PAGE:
The start of a Road Trip is such a dull affair these days. This is because I live pretty much in the middle of Texas, and have to get through the rest of it before I get to any New Territory.
This trip, at least, is exciting for Rick, who's coming with me to Wisconsin, and who has never ever been beyond Junction (except for six weeks in Basic Training on an air base in Amarillo, but he never got off base in that whole time). So we're driving along through the more or less unremarkable landscape between San Antonio and the Oklahoma line, and he found things to look at. It helps to have new things to look at, even if it's all flat, treeless expanse. And we did have a dust storm to liven things up briefly; at one point it was heavy enough to drop visibility almost to zero. But that only lasted a few hundred yards.
We left San Antonio around 8 this morning, after I dropped Homer off at his kennel. Breakfast was in Boerne, at the Bear Moon Cafe on Main Street, which until this stop has always been a favourite of mine. Today, though, I found the coffee too strong and the scones disappointing. The cranberry scone was like eating bread, with a heavy but not crunchy crust; the buttermilk scone was like eating cake. Day-old cake.
We loaded an audiobook into the CD player and set off down the freeway. The book is P.D. James' A Taste for Death, one of her Adam Dalgliesh series. I've never read any of her work. It's by far the longest audiobook we got from the library, at 22 hours, but that's not entirely from the languid pace of the action. I find James also has a knack for elegantly simple and concise description. My favourite sentence so far, describing a character's reaction to the discovery of two bodies, was "Blood spattered against the retinas of her closed eyes." Evocative and succinct.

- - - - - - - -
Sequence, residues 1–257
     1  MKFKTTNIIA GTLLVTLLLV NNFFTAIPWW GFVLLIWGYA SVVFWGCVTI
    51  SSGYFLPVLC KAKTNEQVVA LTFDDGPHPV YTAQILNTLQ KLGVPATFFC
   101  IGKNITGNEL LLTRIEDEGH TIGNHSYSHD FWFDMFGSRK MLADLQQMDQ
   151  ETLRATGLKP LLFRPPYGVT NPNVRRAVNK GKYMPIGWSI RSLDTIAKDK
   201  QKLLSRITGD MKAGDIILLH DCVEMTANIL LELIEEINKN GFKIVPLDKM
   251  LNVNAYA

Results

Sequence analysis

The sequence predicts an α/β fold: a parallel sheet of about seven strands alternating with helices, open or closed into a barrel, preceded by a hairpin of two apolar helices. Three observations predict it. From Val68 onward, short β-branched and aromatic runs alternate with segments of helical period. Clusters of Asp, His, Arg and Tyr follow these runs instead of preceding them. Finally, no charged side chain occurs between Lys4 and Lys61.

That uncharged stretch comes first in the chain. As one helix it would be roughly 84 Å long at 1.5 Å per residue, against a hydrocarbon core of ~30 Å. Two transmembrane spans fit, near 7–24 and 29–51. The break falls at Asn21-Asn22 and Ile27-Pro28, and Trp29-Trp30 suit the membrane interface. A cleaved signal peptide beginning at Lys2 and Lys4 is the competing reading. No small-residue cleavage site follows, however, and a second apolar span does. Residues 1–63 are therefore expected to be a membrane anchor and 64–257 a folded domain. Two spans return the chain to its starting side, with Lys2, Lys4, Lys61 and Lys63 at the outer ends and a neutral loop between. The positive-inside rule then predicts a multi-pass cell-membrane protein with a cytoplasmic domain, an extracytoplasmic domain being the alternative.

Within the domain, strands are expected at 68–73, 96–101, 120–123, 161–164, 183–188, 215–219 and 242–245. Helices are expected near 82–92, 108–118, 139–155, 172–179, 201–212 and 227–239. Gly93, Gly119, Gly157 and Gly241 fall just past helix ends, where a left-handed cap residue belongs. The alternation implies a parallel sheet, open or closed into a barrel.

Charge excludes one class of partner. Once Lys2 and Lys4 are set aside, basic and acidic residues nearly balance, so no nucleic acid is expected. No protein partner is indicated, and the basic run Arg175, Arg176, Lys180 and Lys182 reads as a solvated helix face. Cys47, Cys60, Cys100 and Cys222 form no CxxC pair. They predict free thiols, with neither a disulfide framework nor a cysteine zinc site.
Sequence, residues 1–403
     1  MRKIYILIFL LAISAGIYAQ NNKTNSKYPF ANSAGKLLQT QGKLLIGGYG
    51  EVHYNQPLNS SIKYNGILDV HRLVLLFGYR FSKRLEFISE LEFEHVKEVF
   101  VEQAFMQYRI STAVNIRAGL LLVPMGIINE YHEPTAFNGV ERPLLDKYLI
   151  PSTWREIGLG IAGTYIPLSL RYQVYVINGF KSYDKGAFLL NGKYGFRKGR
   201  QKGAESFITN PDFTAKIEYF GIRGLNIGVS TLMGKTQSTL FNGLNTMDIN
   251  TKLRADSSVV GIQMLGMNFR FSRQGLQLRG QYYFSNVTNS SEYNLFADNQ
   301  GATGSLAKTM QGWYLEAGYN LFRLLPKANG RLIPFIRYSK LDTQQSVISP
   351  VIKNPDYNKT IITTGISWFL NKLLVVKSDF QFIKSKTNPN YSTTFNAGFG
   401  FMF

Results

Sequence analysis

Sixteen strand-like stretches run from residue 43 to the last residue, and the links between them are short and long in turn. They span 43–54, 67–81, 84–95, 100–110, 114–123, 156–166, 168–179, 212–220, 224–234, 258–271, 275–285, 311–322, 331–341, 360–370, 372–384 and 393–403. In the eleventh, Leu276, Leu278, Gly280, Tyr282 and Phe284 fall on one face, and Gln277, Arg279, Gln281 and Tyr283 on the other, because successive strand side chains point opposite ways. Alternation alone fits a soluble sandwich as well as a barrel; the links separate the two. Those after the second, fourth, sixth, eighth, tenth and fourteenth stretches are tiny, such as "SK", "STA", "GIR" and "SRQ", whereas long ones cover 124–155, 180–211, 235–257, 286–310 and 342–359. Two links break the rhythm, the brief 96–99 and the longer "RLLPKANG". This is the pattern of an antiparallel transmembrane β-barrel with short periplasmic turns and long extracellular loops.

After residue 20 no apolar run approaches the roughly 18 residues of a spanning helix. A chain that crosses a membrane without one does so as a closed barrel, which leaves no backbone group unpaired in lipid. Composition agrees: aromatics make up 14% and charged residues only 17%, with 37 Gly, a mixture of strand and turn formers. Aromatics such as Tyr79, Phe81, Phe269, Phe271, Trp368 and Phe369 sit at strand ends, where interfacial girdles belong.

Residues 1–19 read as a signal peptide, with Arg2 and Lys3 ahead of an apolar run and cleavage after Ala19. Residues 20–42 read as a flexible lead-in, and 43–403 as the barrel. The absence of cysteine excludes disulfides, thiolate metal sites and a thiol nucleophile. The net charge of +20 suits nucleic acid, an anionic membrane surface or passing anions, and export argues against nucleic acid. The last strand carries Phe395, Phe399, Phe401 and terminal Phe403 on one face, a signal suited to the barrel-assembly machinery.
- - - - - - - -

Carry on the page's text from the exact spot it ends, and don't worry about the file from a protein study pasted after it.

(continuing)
So in Junction we stopped to see the Deer Horn Tree. I didn't expect much of it, but that's about all there is to see in a place like Junction. Sure enough, a tree made out of deer horns. Well, we had to stop anyway, to put the top down.
|Pearl of the Conchos and|
After that it was on to San Angelo. I'd been to the art museum at San Angelo a few years back, to see a travelling exhibit of paintings from some small but renowned museum in Connecticut. Right behind that museum (and I don't know if it was there at the time) is a park in the floodplain of the Concho River, and in the river, next to the new-looking Celebration Bridge, is a statue of a mermaid holding an oyster, in which is a giant pearl. The statue is called The Pearl of the Conchos. Not great art, but a nice statue in a very nice setting. Nice enough that we had a relaxing picnic lunch of the sandwiches we had brought from home.
Our next stop -- this will show you just how hard it is to find interesting things to see along the routes of western Texas -- was in Big Spring, where we were led to believe exist the world's largest pair of horns. It's only a block out of our way, so I wasn't too terribly disappointed to find that the horns are no longer there. Just an empty pavilion on the grounds of the Heritage Museum. Well, maybe they've moved the horns indoors. I suppose that if I had the world's largest horns, I'd want to protect them from the elements and rival claimants.
The rest of the trip today, with the exception of the dust storm, was unremarkable. It's now nearly 10pm and we are ensconced in the "party room" of the Stratford Inn, in Stratford, Texas. The "party room" is called that because it has four queen-sized beds in it. I sure hope we aren't woken up in the middle of the night by a small but determined band of Stratford's hardest-core partiers.